WESTERVILLE, Ohio — Nicholas Hill subscribed to newspapers for the longest time and always had a love for them because they expose people to a range of ideas from around the world.

In 2020, he turned that love for the hard copies and the element of the unknown into a project. It’s a project that brings those who were hidden in the background of the pandemic to the forefront.

What You Need To Know

  • Nicholas Hill is a Guggenheim Fellow and professor emeritus at Otterbein University

  • Hill highlights issues of the pandemic using newspaper headlines and pictures of people in the background

  • So far, Hill has created more than 4,800 portraits, some of which have been placed in The Pandemic Portraits Catalog

  • To learn more, click here

For the last two years, Hill pulled headlines from above the fold and pictures from newspapers related to the pandemic. Unsure of what he’d initially do with them, Hill drew the many faces of the people who died during the pandemic by using India ink and a bamboo brush.


While it used to take him 20 minutes, he cut his time down to five minutes after learning a crucial fact about the pandemic.

“I read that an American was dying — this was early in the pandemic — one American was dying every five minutes,” he said. Knowing that information gave an immediacy and urgency to the work he was doing.

For Hill, “It’s not a routine, It’s a ritual, and the reason I use that word is that it’s a contemplative time. It’s a time to pause and think while taking action.”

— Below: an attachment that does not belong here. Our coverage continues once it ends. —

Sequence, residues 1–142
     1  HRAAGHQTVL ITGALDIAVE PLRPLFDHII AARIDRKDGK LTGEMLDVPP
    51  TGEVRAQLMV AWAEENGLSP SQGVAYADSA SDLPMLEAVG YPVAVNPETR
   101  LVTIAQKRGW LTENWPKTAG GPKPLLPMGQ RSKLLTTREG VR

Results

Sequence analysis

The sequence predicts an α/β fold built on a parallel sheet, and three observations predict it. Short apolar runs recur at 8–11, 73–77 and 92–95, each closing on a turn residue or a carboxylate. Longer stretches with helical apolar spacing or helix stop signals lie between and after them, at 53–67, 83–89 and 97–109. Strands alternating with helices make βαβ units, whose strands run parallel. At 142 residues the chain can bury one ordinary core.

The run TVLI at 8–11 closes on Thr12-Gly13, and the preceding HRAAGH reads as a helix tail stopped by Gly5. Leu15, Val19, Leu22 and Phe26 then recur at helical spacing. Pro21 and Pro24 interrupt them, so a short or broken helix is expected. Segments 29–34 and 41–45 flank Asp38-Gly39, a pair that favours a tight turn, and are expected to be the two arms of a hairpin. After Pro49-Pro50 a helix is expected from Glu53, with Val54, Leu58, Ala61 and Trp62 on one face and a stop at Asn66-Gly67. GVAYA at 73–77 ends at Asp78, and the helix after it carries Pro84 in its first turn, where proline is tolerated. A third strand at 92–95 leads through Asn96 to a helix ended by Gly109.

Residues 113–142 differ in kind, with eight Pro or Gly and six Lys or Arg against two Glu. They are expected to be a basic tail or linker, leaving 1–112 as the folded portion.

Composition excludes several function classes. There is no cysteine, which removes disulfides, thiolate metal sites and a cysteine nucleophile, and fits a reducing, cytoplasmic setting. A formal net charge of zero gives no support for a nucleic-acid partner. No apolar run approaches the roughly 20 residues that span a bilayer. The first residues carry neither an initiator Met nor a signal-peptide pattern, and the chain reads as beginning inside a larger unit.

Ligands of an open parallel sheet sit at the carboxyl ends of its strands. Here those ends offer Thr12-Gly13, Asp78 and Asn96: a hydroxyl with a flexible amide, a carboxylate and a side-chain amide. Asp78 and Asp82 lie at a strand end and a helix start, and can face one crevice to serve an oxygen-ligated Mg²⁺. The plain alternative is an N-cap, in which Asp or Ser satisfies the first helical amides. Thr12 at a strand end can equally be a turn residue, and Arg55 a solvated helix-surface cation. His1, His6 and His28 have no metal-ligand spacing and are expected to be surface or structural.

After drawing so many and allowing a few to see his work, Hill agreed that the body of work would be good to share with others, giving them the opportunity to spend time in reflection alone. They now get to do that by grabbing a copy of The Pandemic Portraits, which is a sample collection of his work.

Janice Glowski, museum and galleries director at Otterbein University, said the project compared to other pandemic artwork "is the only one that I know of that is truly interfacing with the actual news of the time, that’s actually on a day-by-day basis.”

Glowski helped pull the work together for the catalog. At the same time, Hill’s work was put on display at Otterbein University and then in Key West, Fla. His work has also been recognized in Chile. While Hill is not finished with drawing pandemic portraits, he said until the headlines and stories disappear from the newspaper, he’ll continue drawing.